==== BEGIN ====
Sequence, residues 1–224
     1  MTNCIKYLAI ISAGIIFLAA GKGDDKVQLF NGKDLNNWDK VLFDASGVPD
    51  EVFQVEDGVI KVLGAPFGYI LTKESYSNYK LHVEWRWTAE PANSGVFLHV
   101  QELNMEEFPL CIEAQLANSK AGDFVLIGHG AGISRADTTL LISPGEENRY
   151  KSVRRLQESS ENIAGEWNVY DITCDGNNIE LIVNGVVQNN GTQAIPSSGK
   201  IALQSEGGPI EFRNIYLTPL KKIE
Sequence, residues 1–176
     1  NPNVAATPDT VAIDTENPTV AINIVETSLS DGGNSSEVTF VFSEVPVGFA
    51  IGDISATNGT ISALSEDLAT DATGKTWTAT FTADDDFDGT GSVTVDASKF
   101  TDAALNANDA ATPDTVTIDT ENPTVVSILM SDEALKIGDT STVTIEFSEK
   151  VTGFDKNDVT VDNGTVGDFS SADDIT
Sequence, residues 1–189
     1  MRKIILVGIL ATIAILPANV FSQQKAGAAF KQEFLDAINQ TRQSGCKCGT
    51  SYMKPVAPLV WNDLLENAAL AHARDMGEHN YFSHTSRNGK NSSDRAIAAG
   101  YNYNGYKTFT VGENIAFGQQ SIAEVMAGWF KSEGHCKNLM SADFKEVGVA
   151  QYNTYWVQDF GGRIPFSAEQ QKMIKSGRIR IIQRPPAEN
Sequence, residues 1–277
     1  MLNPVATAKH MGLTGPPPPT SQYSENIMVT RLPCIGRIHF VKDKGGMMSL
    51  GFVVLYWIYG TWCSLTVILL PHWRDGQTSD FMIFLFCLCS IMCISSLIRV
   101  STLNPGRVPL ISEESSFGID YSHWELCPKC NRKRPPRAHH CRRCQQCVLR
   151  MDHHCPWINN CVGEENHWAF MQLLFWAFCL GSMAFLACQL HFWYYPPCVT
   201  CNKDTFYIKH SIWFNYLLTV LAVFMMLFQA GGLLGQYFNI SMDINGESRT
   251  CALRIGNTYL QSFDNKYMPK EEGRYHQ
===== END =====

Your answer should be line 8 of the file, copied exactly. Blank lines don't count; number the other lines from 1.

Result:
     1  NPNVAATPDT VAIDTENPTV AINIVETSLS DGGNSSEVTF VFSEVPVGFA